Toss standardized testing in U.S.

Albert Einstein once said “Everybody is a genius. But if you judge a fish’s ability to climb a tree, it will live its whole life believing that it is stupid.”

The United States high school drop out rate is at 25 percent compared to Finland with less than one percent. Finnish students have the least amount of homework in the world with just under half an hour a night. Most students don’t seek outside tutoring or lessons because there is no need, they understand the material given to them in class.

What can we learn from Finland whose students are outperforming students in the Asian nations who are assigned the most homework and get the most outside tutoring and lessons?  First, the kids get to know their teacher over a series of years instead of being handed off every year to a new teacher, a new start.

Kelly Day noted in a web article from 2015 that teachers in Finland spent around 600 hours teaching annually, or about four or less lessons daily. In the United States, this number increases to over 1,000 hours annually or about six lessons daily. Also, Finland’s education system is dispersed evenly throughout the country, where there is no school better to go to than another.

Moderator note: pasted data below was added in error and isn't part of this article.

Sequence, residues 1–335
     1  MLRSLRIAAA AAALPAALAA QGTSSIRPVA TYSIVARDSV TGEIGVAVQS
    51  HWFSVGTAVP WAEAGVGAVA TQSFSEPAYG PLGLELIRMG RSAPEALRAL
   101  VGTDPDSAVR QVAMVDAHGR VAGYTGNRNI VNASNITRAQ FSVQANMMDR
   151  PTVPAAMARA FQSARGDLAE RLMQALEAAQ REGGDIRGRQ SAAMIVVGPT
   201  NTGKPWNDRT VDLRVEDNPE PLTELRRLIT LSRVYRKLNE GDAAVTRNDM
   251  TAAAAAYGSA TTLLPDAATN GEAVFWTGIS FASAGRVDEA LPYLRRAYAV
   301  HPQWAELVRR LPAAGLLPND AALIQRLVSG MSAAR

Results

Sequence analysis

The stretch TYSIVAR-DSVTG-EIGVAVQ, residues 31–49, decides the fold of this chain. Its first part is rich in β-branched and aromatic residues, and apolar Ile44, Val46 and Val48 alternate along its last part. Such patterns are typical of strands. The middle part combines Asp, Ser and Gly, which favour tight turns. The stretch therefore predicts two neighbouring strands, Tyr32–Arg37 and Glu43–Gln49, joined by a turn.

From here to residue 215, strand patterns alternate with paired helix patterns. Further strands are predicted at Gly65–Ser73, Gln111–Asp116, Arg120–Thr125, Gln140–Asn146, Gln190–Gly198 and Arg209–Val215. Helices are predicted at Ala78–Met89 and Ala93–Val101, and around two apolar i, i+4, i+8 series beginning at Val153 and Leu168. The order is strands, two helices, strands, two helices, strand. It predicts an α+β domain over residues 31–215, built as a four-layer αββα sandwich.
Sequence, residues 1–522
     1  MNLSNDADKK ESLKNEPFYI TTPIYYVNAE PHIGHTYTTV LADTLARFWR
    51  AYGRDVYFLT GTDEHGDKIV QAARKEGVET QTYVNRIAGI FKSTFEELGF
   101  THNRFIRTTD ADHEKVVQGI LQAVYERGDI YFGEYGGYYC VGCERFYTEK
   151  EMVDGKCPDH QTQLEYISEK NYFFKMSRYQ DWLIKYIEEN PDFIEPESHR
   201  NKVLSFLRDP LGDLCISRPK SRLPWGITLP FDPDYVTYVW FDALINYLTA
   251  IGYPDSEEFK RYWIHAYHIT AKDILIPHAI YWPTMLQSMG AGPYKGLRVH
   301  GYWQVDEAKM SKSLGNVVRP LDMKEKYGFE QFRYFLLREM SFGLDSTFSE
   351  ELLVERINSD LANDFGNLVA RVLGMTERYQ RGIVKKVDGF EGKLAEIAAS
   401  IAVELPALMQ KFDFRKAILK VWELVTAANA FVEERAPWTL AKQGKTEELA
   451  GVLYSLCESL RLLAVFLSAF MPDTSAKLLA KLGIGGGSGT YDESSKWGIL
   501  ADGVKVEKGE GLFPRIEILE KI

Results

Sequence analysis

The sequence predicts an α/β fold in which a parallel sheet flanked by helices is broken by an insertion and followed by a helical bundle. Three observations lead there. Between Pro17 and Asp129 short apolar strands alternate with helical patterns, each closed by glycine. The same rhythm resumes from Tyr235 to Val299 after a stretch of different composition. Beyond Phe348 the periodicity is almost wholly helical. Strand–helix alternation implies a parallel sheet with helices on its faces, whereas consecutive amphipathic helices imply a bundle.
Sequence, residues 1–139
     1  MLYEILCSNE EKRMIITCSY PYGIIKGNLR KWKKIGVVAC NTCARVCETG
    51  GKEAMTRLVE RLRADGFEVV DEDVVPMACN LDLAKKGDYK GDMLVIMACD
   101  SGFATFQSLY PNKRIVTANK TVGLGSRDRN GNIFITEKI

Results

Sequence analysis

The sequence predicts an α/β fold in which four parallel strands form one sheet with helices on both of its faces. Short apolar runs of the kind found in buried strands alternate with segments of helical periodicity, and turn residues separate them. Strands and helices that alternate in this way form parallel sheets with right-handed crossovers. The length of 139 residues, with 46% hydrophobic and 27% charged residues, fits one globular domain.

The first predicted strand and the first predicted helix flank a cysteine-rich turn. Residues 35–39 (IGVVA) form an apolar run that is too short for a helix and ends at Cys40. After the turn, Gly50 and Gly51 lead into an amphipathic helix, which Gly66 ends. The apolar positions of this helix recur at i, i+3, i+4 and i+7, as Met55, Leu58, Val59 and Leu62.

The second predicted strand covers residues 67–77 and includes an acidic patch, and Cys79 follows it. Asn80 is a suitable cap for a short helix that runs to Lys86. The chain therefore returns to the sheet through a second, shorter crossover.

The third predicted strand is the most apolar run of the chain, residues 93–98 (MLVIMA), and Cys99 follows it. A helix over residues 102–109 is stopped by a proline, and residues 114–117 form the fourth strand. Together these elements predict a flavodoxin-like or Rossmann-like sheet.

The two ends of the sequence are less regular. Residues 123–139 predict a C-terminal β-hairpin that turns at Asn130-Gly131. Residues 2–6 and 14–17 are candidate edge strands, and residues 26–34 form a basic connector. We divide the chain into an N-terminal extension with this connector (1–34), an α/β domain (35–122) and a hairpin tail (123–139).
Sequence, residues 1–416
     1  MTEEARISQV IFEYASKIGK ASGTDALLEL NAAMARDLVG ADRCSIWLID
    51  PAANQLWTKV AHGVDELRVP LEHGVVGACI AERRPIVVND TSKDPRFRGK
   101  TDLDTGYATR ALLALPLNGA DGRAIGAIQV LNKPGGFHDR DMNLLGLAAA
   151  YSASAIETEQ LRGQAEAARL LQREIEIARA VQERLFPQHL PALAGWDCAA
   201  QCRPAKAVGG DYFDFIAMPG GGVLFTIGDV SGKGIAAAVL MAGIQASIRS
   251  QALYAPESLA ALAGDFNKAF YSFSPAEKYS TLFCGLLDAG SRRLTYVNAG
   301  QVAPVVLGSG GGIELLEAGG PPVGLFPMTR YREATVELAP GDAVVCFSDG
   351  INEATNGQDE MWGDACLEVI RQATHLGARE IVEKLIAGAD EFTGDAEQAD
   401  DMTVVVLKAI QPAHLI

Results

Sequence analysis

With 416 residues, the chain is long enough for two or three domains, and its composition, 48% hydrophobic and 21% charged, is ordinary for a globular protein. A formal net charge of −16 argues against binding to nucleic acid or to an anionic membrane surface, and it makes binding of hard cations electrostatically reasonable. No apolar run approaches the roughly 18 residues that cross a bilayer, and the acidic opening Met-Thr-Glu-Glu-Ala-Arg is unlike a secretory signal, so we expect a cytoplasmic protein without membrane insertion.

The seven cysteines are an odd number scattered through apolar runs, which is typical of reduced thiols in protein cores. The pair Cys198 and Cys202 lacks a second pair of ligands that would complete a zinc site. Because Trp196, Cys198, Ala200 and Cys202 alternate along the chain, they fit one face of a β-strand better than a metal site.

The World Economic Forum did a study in 2016 and Finland was ranked number one among the world’s education systems. The United States did not make the top 10.

We have a lot to learn from Finland’s education system, and many teachers believe rethinking standardized testing is where we should begin.

“I don’t think standardized testing gives the whole picture of the student, it’s just a snapshot of one day,” Business teacher Jane Melroy said.

She also thinks we should not be putting as much emphasis on testing to be a single measurement on a student’s ability and progress. Melroy allows her students more time to complete tasks because all students work and learn at different paces.

The main problem Social Studies teacher Kenny Eddy believes is the technological failure with the tests. Instead of filling in bubbles on a piece of paper Eddy said he would rather have an iPad or a computer. Eddy thinks standardized tests do not give the whole picture of a student or the teacher at all.

“Pick something and stick with it,” Eddy said. “Either have a state standards or national standards voted on by students and teachers, not governors who haven’t been in a school for years.”

American students should be outside learning with sticks, rocks, and acorns like Finland’s students instead of filling in the bubbles on standardized tests.

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